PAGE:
China: 'Ready for talks' on India's entry bid to NSG, but consensus essential
President Ji Xinping will travel to Goa to attend the BRICS Summit scheduled to held between October 15-16. In photo: Chinese President Xi Jinping (right) shakes hands with Indian PM Narendra Modi on September 4, 2016. Photograph: (Getty)
China expressed willingness on Monday to discuss India's entry to the Nuclear Suppliers Group ahead of Chinese President Xi Jinping's visit to India.
Briefing the media on President Jinping's visit to take part in the BRICS summit, China's vice foreign minister Li Baodong stressed on the need to build a consensus over the admission of new members in the 48-member Nuclear Suppliers Group (NSG). When asked if any advance on the issue of India's acceptance into NSG in the meeting between Xi and Prime Minister Narendra Modi on the sidelines of the Summit can be expected, Li said China was ready for discussions to explore possibilities but 'procedures, norms and regulations of the NSG' should be kept up with.
"These rules are not to be decided by China alone. On the issue, China and India have maintained good communication and we are ready to continue consultations with India to build consensus and we also hope India can go to other members of the NSG as well," Li said, Press Trust of India (PTI) reported.
Xi will travel to Goa to attend the BRICS Summit scheduled to held between October 15-16. The BRICS grouping consists of Brazil, Russia, India, China and South Africa.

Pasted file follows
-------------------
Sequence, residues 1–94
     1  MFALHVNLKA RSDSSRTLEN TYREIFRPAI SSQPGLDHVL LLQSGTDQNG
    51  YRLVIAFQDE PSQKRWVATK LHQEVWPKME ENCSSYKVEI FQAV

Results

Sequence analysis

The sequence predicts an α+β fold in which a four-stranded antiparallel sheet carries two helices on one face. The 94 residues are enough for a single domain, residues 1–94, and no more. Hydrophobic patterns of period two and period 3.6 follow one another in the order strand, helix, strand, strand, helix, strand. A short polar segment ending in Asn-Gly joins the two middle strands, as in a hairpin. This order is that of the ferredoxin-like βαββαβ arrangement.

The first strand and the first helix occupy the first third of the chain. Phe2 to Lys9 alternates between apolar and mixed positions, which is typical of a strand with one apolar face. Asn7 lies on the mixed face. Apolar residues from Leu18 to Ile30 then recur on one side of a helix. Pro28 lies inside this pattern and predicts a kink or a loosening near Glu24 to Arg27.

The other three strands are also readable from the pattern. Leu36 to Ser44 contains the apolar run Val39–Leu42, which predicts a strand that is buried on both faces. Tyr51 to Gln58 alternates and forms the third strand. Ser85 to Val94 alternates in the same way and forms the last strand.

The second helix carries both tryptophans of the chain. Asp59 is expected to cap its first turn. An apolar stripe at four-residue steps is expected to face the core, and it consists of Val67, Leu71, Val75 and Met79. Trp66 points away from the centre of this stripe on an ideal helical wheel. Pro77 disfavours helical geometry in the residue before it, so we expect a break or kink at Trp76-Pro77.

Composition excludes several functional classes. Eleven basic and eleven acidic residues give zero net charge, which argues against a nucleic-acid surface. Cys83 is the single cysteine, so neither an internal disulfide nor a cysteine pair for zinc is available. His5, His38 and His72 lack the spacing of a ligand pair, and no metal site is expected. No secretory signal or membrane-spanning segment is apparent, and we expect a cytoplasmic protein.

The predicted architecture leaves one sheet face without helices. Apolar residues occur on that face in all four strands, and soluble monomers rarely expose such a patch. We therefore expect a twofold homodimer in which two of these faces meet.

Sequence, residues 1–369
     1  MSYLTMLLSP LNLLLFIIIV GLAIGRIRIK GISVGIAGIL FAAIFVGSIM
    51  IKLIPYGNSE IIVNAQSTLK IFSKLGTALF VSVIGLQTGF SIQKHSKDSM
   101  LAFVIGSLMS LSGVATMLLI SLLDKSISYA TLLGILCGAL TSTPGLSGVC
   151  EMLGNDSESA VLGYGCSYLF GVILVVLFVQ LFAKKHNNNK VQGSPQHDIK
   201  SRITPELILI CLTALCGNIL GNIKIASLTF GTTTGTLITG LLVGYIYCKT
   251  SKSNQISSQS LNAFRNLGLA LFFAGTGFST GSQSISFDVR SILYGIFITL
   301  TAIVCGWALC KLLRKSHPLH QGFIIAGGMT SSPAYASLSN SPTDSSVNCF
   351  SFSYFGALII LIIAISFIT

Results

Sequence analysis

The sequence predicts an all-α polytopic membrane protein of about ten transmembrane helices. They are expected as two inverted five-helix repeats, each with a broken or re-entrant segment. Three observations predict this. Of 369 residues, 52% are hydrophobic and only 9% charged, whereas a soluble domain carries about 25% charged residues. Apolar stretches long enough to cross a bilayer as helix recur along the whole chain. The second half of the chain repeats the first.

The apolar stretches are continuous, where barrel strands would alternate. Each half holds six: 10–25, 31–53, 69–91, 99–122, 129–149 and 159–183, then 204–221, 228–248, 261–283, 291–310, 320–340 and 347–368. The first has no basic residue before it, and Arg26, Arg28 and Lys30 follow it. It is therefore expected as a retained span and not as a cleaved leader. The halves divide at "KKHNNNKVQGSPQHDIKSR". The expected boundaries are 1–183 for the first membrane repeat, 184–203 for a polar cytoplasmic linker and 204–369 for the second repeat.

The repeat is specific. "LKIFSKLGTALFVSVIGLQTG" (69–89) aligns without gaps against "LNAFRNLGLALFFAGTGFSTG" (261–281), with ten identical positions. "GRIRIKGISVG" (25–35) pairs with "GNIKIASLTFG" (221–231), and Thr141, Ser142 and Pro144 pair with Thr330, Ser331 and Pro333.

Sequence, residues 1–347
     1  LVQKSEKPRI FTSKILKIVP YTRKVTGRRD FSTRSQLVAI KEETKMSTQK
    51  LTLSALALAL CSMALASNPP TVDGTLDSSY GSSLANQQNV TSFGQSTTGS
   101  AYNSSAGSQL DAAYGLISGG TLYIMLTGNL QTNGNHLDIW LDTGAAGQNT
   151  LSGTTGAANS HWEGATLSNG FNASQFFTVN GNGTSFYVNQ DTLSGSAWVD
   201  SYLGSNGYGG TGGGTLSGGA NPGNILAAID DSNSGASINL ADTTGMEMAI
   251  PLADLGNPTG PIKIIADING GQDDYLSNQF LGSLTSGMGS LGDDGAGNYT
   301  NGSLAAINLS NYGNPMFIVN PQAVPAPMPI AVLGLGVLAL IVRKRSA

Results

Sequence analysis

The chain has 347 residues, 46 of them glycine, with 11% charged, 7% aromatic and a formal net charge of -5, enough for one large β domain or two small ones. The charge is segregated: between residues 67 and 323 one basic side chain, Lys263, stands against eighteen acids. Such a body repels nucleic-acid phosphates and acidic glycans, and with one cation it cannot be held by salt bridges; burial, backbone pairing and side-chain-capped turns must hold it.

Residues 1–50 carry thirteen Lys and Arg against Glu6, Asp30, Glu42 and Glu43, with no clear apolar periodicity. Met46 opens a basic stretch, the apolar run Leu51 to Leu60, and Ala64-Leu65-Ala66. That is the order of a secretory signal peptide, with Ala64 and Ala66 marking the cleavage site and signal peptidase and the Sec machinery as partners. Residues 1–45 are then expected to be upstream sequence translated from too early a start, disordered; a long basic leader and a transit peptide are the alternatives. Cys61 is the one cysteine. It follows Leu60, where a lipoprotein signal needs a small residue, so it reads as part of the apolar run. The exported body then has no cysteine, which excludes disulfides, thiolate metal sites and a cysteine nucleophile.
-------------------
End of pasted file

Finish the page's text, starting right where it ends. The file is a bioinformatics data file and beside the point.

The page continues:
The NSG controls global nuclear commerce. Its guidelines prohibit members from entering into nuclear ties with the countries that have not signed the NPT. Neither India nor Pakistan has signed the NPT.
China has consistently opposed India's entry to the Group. Earlier in June, at the annual plenary in Seoul, China argued that if the “Nuclear Non-Proliferation Treaty signatory” criterion was diluted to admit India into the NSG, it should also open doors for other non-NPT countries like Pakistan. India submitted its application for membership of the NSG on May 12 and Pakistan did so on May 19 this year.
The Chinese vice foreign minister also spoke about China's move to stall India's bid for a United Nations ban on Masood Azhar - head of Pakistan-based terrorist group Jaish-e-Muhammad.
Li said that China was "opposed to all forms of terrorism" but no one should pursue their own "political gains in the name of counter-terrorism".
"There should be no double standards on counter- terrorism. Nor should one pursue own political gains in the name of counter-terrorism," he said in a veiled reference to India, which is pressing for the UN ban against Azhar over his role in the Pathankot terror attack, reported PTI.
Last week, China had declared a 'technical hold' on India's bid to get Azhar designated as a terrorist by the UN on October 1.
Li added that counter-terrorism cooperation will be a part of the talks in the upcoming Summit. "On counter-terrorism, it is an important area for cooperation among BRICS members for political security. Cooperation on this front will enhance BRICS communication and coordination and will contribute to world peace and security. That is quite obvious."
On Pakistan's absence from the Summit, Li said there was "no attempt to form a clique" to keep any country out. "Such dialogue is transparent. It is an inclusive process and not targeted at any third party," he added.
(WION with inputs from PTI)